As the client of a Magento development agency, your go-to human for all things good and bad is the project manager. Through every stage of the site life cycle, from design to ongoing maintenance, your project manager is on email speed dial to help you in your time of need.
That’s because, despite our efforts to be your friendly neighborhood dev superheroes, things happen on websites that aren’t always pleasant. And that’s why we know your PM is your first line of defense, and lifeline, when it comes to getting sh*t done when it needs to get done. But that doesn’t mean we won’t need a little civilian help in assessing the disaster. This post outlines a few things you can do when reporting issues that makes everyones lives easier.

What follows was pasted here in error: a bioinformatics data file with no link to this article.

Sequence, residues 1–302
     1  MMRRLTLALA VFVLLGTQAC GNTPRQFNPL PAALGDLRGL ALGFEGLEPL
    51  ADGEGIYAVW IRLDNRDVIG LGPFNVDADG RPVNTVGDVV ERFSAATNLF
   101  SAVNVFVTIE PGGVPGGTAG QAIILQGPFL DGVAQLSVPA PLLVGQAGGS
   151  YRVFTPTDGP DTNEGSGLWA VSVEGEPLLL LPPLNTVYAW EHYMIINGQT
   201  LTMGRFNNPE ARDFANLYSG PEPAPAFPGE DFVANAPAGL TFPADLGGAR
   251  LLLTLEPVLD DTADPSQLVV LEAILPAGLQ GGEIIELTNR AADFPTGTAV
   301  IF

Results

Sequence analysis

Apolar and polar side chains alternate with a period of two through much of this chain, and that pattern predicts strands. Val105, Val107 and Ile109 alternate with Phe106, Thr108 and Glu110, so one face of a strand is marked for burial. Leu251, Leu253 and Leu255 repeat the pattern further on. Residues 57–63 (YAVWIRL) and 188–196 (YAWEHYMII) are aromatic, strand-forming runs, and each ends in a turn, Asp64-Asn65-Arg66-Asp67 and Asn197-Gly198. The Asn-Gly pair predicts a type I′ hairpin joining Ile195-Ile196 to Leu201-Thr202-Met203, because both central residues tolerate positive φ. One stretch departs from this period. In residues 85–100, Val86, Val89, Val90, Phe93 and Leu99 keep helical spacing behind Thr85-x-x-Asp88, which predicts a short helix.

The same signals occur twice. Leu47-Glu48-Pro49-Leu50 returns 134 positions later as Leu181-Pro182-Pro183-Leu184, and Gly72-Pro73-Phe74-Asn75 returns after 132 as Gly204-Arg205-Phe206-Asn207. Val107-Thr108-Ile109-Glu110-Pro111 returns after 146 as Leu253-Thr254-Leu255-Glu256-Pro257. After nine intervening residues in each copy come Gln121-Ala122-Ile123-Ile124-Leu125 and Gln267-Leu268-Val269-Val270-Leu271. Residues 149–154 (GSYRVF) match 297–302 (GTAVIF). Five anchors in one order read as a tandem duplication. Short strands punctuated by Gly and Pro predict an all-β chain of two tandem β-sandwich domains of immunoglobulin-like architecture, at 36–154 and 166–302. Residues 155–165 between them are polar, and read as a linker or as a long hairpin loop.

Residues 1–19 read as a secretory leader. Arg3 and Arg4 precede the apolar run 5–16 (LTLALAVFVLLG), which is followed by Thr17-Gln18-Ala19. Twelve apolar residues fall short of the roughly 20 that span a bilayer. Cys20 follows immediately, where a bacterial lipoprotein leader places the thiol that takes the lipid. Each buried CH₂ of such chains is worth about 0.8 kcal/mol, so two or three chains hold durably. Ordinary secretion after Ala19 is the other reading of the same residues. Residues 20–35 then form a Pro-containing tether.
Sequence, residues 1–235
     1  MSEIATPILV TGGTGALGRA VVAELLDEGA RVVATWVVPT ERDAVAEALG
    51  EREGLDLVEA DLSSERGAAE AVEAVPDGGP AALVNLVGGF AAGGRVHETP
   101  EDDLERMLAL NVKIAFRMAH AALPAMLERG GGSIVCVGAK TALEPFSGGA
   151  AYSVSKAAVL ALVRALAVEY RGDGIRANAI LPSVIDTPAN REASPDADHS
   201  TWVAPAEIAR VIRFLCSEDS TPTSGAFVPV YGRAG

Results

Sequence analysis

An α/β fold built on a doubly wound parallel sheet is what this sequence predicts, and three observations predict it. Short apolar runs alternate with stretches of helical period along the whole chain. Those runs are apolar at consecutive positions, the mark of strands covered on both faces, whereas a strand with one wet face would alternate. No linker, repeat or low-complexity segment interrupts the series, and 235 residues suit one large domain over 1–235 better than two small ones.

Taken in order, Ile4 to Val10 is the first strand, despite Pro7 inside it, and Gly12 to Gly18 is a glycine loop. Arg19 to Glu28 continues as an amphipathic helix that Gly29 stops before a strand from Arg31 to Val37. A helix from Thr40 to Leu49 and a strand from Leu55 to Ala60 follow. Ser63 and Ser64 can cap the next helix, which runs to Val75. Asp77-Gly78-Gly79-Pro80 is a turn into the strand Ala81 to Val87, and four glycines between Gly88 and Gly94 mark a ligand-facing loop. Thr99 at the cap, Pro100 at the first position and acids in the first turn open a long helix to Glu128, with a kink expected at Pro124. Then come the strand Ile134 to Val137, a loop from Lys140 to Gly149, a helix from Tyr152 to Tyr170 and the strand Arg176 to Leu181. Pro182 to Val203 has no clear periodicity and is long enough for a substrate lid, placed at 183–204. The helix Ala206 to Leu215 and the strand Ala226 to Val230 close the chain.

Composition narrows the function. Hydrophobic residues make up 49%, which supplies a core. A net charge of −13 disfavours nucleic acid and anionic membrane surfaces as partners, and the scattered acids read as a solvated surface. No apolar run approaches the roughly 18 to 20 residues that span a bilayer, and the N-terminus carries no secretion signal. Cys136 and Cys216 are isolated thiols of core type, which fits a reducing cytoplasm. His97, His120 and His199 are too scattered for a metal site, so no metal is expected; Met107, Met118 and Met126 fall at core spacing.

Help us help you.
Fix it! Fix it! Fix it!
There you are, minding your own business, clicking around on your site and all of a sudden something appears to be broken. You get a big scary error, or the button didn’t do what it was supposed to do, or even, heaven forbid, your site crashes. What now? What should you do? you scream internally, “WHERE IS MY MAGENTO DEVELOPMENT TEAM?”
Woah. As I see it, you have a few options here:
A) You can decide that life with technology just isn’t for you and walk away from your laptop forever – leave your phone and tablet there too. Go find a quiet cottage and learn how to churn butter and live peacefully knowing you’ll never have to see another pesky error.
C) Close your eyes. If you can’t see the error then the error doesn’t exist.
D) More panicking!